Photo by @stevewinterphoto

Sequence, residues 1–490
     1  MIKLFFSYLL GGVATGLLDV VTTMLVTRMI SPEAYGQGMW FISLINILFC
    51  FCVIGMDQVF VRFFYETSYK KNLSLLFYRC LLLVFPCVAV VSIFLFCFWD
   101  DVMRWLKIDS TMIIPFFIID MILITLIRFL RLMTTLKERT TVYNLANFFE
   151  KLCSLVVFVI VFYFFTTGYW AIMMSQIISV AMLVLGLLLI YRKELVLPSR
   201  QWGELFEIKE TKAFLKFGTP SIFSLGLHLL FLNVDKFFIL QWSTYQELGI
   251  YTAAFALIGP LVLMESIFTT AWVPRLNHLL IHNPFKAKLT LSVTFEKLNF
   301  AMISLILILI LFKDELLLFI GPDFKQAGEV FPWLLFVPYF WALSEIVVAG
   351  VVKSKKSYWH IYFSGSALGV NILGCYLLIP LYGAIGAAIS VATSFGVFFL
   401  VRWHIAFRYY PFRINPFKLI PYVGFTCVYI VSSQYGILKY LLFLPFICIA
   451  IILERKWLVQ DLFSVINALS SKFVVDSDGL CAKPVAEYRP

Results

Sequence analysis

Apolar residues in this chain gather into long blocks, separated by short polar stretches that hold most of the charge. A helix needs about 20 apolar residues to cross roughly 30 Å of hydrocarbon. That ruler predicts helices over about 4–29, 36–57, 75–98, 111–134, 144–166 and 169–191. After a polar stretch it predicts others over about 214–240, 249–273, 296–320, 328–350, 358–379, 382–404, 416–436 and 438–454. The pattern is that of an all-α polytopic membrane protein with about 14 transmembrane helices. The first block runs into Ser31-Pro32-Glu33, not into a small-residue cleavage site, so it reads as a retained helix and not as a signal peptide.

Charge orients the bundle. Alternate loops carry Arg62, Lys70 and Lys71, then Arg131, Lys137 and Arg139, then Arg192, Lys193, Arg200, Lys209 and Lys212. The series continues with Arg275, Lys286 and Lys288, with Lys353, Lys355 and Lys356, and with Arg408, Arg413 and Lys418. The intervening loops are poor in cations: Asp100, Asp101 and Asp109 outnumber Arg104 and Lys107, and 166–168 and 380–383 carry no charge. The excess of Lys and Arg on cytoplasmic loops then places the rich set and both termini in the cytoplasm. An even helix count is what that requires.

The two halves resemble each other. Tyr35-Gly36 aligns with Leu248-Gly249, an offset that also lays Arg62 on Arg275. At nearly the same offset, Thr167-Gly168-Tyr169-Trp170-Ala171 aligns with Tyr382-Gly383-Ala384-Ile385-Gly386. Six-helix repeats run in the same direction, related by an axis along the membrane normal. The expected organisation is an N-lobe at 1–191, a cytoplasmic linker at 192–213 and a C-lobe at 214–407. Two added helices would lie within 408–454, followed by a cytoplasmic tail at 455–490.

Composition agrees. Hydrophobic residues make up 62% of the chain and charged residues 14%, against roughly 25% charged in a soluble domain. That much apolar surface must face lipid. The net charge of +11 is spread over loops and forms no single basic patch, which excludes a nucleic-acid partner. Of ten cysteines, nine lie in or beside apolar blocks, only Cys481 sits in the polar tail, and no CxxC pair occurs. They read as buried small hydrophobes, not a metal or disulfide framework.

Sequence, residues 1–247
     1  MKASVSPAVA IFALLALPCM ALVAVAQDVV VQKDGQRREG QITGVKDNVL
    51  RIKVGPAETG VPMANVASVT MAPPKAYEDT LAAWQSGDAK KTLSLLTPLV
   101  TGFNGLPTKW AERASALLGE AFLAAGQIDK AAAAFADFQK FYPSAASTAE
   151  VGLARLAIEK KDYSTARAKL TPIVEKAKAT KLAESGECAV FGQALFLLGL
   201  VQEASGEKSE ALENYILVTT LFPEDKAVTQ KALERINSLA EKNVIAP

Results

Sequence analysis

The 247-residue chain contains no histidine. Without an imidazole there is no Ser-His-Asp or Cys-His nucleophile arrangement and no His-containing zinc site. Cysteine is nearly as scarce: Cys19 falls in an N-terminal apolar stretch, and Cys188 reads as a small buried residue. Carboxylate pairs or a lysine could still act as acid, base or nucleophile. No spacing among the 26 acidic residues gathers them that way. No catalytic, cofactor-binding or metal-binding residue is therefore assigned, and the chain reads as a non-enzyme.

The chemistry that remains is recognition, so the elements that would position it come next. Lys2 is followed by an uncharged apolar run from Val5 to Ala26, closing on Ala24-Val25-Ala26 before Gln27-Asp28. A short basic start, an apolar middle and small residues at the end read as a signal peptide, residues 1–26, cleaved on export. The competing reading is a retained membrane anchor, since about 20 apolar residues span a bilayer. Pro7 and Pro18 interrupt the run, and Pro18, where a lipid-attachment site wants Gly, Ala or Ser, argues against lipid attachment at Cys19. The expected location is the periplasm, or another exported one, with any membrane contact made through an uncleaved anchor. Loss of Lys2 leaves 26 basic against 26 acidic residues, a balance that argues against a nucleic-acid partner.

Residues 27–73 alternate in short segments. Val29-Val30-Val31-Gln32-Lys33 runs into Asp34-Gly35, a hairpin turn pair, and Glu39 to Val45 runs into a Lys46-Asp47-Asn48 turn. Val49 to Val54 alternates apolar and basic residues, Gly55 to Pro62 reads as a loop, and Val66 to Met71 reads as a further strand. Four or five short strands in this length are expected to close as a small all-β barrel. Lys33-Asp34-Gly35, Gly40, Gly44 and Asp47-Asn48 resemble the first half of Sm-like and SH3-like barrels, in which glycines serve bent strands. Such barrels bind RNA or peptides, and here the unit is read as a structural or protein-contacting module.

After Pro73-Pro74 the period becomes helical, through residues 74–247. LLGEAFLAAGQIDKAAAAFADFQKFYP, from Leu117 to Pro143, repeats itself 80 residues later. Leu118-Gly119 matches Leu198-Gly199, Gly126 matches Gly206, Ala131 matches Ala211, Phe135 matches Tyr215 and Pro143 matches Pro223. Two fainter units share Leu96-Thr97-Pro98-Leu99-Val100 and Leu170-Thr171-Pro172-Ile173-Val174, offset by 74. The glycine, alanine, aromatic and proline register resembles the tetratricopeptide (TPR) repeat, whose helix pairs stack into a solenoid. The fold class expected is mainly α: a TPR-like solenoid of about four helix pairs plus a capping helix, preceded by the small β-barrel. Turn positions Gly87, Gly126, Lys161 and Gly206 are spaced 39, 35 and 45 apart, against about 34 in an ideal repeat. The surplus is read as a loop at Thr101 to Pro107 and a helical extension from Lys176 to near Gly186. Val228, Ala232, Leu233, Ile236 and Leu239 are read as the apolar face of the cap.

During hurricane and tornado season, what would happen if the fencing came down at a roadside zoo full of big cats? First responders tend to get 911 calls when dangerous animals get loose, and local law enforcement does not have the training or the tools to deal with this problem—they don't have tranquilizer darts or the time for them to work, only bullets. I created this scene to illustrate a public safety issue, placing a plush toy tiger in the backseat of a car at a disaster training site for first responders—to show the hypothetical danger that they and the cats could face. For example, tigers that have spent their whole lives in a cage, sleeping in a small plywood “night house,” would seek out an enclosed space; in the dark, they might jump into a wrecked car. In the morning, the cat wakes up in a world it has never experienced, and it has no idea what to do—never knowing the freedom of the wild. With the danger wrought by ever more powerful hurricanes, tornadoes, wildfires, and flooding, many support the need for federal oversight—there is no U.S. federal law regulating big cat ownership. After the last hurricane in Houston, first responders opened the door of an abandoned home and a lion came at them, and they went into a church and found a tiger. Every tiger cub that tourists hug, bottle-feed, and snap selfies with “fuels a rapid and vicious cycle of breeding and dumping of cubs after they outgrow their usefulness,” said Congressman Brian Fitzpatrick (R-PA). That’s why he co-sponsored the Big Cat Public Safety Act—to make commercial breeding illegal and better protect both cats and the public. Check out Nat Geo's link in bio for more on this story.